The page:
Tim Casiero. Photo credit: J March Photography
I guarantee you, one day we will all be wearing T-shirts with Tim Casiero’s designs emblazoned on them. This young gun has his sights set on building an empire, much like jeffstaple’s. In our latest spotlight, Tim tells us about his ambitions and why he loves lino carves.
Q: Hello Tim! Can you please tell us a bit about yourself?
A: Where should I start with this? I’m 21 and I’ve been creative by nature all my life. I completed a Bachelor of Visual Communications (Graphic Design) at UniSA at the end of 2015. While studying to become a designer, I took an elective in relief and intaglio printing. At the time I wanted to get into screen printing and thought this would be the next best thing. The course started with lino carving and I was instantly hooked to the hands-on process. Most modern design can be completed on a computer, so being able to work with my hands is extremely satisfying.
Q: Who inspires you? What inspires your art?
A: I am heavily inspired by mythology and folklore of various cultures. There is so much imagery to draw on and I enjoy learning about different supernatural creatures within various cultures. Alternative music (particularly metalcore) and tattoo imagery have been stylistic influences for years. The imagery used on band merch has always appealed to me. Stay Bold’s work is a great example of what I mean.
Q: Do you have a preferred medium?
A: Without a doubt it would have to be linoleum to create a relief print block. I find lino carves really easily and is great for carving finer details. Because it carves easily, I enjoy using it for linework-based imagery.
Q: How would you describe your style?
A: I don’t really know how to describe my style because I feel it’s ever changing and improving. Currently, my work is quite bold, making use of the high contrast imagery that can be made with a single lino block. I use heavy shadows and show tone and shape by carving out just the highlights of objects. I work almost exclusively in black and white at the moment because of my love for linework.
Q: Can you please describe your artistic and creative process i.e.: from lingering idea to putting it into practice?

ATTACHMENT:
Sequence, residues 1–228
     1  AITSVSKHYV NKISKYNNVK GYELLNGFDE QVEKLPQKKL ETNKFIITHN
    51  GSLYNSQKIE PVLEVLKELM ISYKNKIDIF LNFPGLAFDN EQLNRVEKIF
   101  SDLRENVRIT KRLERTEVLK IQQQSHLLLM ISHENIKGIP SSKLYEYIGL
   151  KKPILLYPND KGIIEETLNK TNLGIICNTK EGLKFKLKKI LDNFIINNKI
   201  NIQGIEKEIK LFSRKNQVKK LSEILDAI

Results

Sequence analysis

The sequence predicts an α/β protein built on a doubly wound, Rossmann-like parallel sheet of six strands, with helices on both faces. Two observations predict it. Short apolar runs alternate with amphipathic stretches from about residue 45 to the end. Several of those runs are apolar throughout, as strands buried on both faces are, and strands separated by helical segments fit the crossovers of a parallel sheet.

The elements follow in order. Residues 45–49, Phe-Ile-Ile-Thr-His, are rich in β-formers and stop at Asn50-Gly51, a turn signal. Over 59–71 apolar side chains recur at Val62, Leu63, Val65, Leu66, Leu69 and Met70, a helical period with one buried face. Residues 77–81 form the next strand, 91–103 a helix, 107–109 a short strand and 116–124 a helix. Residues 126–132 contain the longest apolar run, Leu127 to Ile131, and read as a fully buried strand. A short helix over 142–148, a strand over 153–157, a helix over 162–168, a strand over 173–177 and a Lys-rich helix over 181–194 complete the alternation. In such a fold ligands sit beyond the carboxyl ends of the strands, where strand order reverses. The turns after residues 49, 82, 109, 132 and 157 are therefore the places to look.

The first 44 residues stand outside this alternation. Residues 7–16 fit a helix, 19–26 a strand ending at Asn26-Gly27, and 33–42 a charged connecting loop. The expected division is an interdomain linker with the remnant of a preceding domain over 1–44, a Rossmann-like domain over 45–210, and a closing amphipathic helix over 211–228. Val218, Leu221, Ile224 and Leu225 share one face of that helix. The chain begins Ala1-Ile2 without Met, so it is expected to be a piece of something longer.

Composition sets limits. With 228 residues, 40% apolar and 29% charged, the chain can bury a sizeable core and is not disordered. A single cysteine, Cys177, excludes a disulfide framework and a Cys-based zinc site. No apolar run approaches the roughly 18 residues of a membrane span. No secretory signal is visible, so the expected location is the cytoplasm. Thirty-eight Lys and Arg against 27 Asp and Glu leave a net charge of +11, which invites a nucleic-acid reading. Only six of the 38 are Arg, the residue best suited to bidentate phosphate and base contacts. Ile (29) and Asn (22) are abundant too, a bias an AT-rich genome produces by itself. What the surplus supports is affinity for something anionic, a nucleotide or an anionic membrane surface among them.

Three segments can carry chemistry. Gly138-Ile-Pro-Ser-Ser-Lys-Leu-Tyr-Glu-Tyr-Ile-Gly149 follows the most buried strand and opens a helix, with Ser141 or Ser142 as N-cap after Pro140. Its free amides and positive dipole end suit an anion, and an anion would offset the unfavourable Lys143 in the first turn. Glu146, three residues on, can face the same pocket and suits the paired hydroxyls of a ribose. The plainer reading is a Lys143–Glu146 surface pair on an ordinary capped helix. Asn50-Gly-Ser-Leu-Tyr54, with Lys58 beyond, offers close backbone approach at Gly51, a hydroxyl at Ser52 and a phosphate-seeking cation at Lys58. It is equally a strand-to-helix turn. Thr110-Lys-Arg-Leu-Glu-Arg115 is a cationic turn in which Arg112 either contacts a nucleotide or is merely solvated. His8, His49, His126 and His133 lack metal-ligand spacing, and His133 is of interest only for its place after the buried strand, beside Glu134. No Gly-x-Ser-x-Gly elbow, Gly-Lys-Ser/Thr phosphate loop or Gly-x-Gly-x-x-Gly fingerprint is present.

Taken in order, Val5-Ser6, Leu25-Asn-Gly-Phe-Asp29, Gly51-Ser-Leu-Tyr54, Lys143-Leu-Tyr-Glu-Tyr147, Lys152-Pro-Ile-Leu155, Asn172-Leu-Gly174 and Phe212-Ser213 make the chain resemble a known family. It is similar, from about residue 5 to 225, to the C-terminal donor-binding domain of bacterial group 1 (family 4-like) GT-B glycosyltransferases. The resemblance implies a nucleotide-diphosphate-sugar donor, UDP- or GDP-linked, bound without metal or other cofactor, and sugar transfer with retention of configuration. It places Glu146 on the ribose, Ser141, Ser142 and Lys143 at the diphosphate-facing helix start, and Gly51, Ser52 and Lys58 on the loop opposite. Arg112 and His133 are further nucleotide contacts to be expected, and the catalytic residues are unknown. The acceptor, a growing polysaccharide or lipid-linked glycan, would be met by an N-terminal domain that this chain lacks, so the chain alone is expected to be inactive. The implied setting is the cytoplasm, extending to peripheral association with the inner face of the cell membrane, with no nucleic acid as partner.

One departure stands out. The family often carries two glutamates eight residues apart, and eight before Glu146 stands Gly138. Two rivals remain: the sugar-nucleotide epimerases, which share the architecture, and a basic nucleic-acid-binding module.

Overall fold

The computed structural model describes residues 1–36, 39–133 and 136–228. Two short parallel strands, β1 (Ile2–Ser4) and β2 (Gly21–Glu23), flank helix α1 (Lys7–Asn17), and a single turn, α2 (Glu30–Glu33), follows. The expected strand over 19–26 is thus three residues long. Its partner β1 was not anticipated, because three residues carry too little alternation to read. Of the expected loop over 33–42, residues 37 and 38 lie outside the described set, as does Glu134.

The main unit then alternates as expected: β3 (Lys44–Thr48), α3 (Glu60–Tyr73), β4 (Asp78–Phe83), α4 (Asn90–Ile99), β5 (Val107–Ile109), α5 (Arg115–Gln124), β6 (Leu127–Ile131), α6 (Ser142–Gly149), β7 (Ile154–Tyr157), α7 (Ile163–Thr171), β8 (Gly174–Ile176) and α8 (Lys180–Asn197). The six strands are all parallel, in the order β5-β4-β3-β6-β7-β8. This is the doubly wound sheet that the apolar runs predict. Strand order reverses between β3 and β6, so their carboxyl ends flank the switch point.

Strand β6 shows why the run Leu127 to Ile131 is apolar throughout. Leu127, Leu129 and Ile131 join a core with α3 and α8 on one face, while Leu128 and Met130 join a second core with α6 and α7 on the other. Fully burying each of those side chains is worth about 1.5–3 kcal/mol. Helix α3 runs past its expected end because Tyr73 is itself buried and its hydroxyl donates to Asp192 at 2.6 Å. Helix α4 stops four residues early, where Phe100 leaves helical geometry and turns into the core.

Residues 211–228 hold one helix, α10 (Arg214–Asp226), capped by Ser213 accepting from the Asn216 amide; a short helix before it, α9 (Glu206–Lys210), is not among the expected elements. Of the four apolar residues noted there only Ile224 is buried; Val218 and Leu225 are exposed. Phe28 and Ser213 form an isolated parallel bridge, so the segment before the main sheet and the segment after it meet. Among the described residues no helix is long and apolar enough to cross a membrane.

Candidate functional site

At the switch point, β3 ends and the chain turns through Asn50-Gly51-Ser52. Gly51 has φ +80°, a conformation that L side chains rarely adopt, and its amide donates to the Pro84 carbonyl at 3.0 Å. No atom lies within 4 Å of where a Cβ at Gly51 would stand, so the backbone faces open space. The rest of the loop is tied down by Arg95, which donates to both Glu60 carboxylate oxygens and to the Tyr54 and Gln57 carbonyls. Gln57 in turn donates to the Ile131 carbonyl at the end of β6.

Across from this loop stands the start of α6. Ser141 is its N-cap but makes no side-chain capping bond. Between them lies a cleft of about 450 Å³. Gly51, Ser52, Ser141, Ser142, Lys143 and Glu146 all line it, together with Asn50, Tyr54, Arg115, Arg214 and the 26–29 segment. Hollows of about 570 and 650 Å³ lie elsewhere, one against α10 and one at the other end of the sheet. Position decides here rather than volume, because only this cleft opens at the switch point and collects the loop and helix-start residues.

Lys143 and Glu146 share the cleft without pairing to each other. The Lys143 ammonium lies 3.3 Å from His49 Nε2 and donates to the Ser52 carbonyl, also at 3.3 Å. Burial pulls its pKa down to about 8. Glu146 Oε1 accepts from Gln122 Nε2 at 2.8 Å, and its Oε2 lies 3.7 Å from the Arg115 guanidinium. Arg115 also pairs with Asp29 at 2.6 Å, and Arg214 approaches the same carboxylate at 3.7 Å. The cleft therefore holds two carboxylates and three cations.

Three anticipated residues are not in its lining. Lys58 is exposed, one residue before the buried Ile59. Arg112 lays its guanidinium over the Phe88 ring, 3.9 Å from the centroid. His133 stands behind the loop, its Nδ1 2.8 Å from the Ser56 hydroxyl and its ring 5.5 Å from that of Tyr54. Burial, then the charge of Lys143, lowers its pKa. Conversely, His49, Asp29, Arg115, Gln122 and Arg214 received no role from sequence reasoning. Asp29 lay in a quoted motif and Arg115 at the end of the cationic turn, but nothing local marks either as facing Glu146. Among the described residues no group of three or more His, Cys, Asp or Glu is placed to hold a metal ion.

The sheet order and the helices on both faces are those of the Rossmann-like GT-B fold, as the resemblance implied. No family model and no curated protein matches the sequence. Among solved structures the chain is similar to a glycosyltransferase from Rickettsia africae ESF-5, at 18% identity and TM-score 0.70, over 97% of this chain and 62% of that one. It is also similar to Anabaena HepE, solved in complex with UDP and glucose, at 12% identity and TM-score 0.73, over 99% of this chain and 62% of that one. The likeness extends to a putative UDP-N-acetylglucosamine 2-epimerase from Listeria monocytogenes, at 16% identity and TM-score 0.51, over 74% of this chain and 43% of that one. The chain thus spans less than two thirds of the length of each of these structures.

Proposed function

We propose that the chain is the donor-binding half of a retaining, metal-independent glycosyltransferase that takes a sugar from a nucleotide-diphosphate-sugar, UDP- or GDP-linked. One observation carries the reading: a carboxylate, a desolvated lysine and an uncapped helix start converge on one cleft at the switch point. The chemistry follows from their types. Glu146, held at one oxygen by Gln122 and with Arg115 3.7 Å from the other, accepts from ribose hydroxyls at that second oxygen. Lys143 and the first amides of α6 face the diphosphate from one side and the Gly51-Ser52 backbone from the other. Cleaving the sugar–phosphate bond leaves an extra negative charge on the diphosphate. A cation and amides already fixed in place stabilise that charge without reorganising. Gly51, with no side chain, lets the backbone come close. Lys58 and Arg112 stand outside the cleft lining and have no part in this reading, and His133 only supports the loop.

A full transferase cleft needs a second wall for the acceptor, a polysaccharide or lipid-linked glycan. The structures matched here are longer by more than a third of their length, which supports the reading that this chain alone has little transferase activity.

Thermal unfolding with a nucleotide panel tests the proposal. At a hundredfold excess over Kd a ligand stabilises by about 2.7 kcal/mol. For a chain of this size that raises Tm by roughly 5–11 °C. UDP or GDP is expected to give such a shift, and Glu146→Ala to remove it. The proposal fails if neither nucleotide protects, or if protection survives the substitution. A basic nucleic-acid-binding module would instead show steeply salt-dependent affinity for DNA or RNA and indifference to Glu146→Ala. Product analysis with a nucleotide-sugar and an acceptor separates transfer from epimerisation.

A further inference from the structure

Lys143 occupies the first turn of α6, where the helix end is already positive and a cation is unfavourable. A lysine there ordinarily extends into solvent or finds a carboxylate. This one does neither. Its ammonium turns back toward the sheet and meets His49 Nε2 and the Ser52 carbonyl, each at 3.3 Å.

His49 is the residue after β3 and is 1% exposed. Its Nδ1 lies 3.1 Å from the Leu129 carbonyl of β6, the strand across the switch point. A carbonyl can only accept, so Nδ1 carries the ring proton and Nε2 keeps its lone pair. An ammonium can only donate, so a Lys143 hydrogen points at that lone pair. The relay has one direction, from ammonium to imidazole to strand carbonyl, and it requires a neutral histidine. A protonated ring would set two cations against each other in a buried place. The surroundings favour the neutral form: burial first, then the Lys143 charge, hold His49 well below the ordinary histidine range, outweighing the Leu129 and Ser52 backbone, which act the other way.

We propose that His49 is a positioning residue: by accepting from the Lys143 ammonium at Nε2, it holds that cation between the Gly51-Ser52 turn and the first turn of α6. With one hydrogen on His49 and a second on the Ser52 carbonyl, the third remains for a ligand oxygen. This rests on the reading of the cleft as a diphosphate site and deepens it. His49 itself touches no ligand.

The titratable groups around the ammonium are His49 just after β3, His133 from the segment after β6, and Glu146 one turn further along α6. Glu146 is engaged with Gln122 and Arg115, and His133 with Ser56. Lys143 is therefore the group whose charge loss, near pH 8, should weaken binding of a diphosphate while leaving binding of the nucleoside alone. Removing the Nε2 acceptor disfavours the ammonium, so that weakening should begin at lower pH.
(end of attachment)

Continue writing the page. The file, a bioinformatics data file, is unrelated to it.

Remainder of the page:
A: My process usually starts when I’m doing a menial task and an idea pops into my head. Once I have an idea to work with, I start researching around it. If it’s a more conceptual design I research into the visual language I intend to use in the final. When I’ve compiled enough research, I begin sketching ideas. For me this is the most challenging part because I’m trying to render what I’ve created in my head down onto paper. After I’ve developed a suitable sketch, I clean it up digitally. Working digitally really helps me when I’m refining printmaking images because I can add and subtract so easily from the image. The finished drawing is then transferred to a lino plate and carved. Once the plate is finished, I always test print it. When I pull several successful test prints, I print the final edition, which I number, date, and sign by hand.
Tim’s Mayan-themed plates
Q: Where do you see your art practice taking you in the next five years?
A: I see myself working under my creative label, which I’m currently developing. I’ll likely be doing a combination of graphic design and printmaking work. I hope to have an established T-shirt label as well, which does small runs of hand-printed relief t-shirts.
Q: If you could recommend one artist, who would it be?
A: It would have to Grafic Mazatl, their work is just awe-inspiring. The style they use is one I’m definitely letting influence my current works, especially the way they handle animal textures, such as fur. I find their printmaking work has so much personality and style and the quality of their work is what I am aspiring to create.
Tim’s linostamp and print
Q: What is your favourite gallery?
A: SASA Gallery on the UniSA City West campus. During my time studying at UniSA, I was exposed to a wide range of art forms and styles at this gallery. I walked past it every time I went to class so it became a constant source of inspiration and motivation to keep working hard.
Q: Where can we find more of your work?
A: Currently the best place would be my Instagram. That’s where I post most of my creative updates. I’ve also got prints for sale up on my Etsy. I’m hoping to have my collective brand up in the near future which will be across most social media.
Tim’s lino print transferred onto a T-shirt
Q: If you could switch places with anyone for a day, who would it be, and why?
A: I’d probably swap places with Jeff Staple, the founder of Staple Pigeon. I’d just love to see inside his world and gain some insight into how to make my own creative ventures as successful as he has.
– Masya Zabidi